Prizes, sweepstakes and lotto fraud were among the top 10 complaints filed with the FTC in 2004.
By DIANE C. LADE
KNIGHT RIDDER NEWSPAPERS
FORT LAUDERDALE, Fla. -- Rose Hanken couldn't believe her luck when an official with the Federal Trade Commission called her in April, saying she had $350,000 coming to her from one of the several contests she entered over the years.
The man was so convincing and friendly -- at one point, Hanken, 88, offered to make him one of her famous cheesecakes -- that she didn't question his instructions. He called several times over the next few weeks, each time asking her to wire money to Costa Rica to cover new costs involved with her windfall: for insurance, to clear customs, to insure a larger $3.5 million pot the commission had uncovered for her.
But the prize money never arrived as promised at Hanken's Delray Beach, Fla., home. The nice man stopped calling. Suddenly, the telephone number where they always answered "Federal Trade Commission" was disconnected. And Hanken, a retired community college business teacher, was out $7,850.
Consumer-fraud officials say Hanken was taken by a new twist on a time-tested scheme: the lottery or prize scam. Senior women are prime targets and the crime takes place in their homes, where they are bombarded by mailings or telemarketing calls.
"There are not enough [attorneys general] and FBI agents to stamp them out. These scams never are going to go away," said Sally Hurme, an attorney with the AARP's Consumer Protection Unit in Washington, D.C.
Prize scams typically claim that the cash is coming from a foreign government's lottery or a sweepstakes. Hurme, however, never has heard of criminals invoking the name of the Federal Trade Commission.
The FTC actually is involved with lotteries -- in tracking complaints from consumers who have fallen for fake ones. Prizes, sweepstakes and lottery fraud were among the top 10 complaints filed with the commission in 2004, with 19,430 complaints nationwide.
There probably are many more incidents, however, as victims often are too ashamed to report they've been conned. Hanken wants to tell her story in hopes that other seniors will learn from her mistake.
"I've been very prudent and wise in my finances all of my life, and I've been working since I was 12 years old," Hanken said. "This guy had some line. He had me believing."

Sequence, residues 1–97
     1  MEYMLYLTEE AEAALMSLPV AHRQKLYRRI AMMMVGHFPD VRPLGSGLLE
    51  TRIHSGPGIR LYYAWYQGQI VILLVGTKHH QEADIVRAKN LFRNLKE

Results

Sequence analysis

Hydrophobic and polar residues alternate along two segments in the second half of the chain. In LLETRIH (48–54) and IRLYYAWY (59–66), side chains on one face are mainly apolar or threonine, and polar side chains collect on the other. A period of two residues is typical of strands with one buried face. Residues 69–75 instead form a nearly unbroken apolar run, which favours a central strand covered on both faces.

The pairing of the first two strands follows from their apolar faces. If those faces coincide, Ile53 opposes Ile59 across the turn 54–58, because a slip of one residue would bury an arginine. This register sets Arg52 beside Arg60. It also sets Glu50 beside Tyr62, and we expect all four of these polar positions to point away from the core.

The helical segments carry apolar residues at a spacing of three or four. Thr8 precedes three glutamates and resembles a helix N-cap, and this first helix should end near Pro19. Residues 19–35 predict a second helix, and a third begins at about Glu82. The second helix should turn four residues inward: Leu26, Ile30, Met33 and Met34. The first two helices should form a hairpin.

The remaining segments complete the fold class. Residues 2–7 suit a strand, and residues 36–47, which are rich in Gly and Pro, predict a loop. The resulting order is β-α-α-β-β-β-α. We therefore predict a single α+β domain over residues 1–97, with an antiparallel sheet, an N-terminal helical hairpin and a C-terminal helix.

Chuck Harwood, director of the FTC's northwest regional office in Seattle, said prize and telemarketing schemes often operate out of Canada or offshore, making perpetrators difficult to track. "Money that you wire can be picked up anywhere. Even if you think you have a location, it won't be very helpful," he said.
Hard to trace
Hanken filed a complaint with Seniors Vs. Crime, a volunteer program created by the Florida attorney general to assist older consumers. Al Payne, who manages the South Florida office based in Delray Beach, referred it to the FBI but said Hanken shouldn't count on a happy ending.
"As soon as I mention something where you have to send a check to Aruba or Curacao, the FBI says, 'We can't find those people.' If someone asks you to wire money to some Caribbean island, you know it's a phony," Payne said.
Hanken's case was typical in many ways, Harwood and Hurme said.
A 2003 AARP study that compared 442 victims of lottery and investment scams found the lottery victims were far older than those taken by investment schemes, with an average age of 74.5 years. They also were more likely to be women and living alone.
Hanken admits that in the past, she's responded to mailings that asked for a small fee to enter a sweepstakes. Hurme said that probably landed Hanken on a "mooch" list that scammers sell to others.
"You bite once and your name is a valuable commodity," Hurme said. In a single day last month, Hanken got eight sweepstakes letters and prize offers by mail, plus a telephone call from a man claiming to have a lottery winning for her from England.
The solution? Hang up the phone and toss out the mailings, Hurme said. But it's not easy.
"Con artists know what buttons to push. It's not that the victims are so vulnerable," Hurme said. "It's that the people working these phones are making thousands of calls a day and they're good at what they do."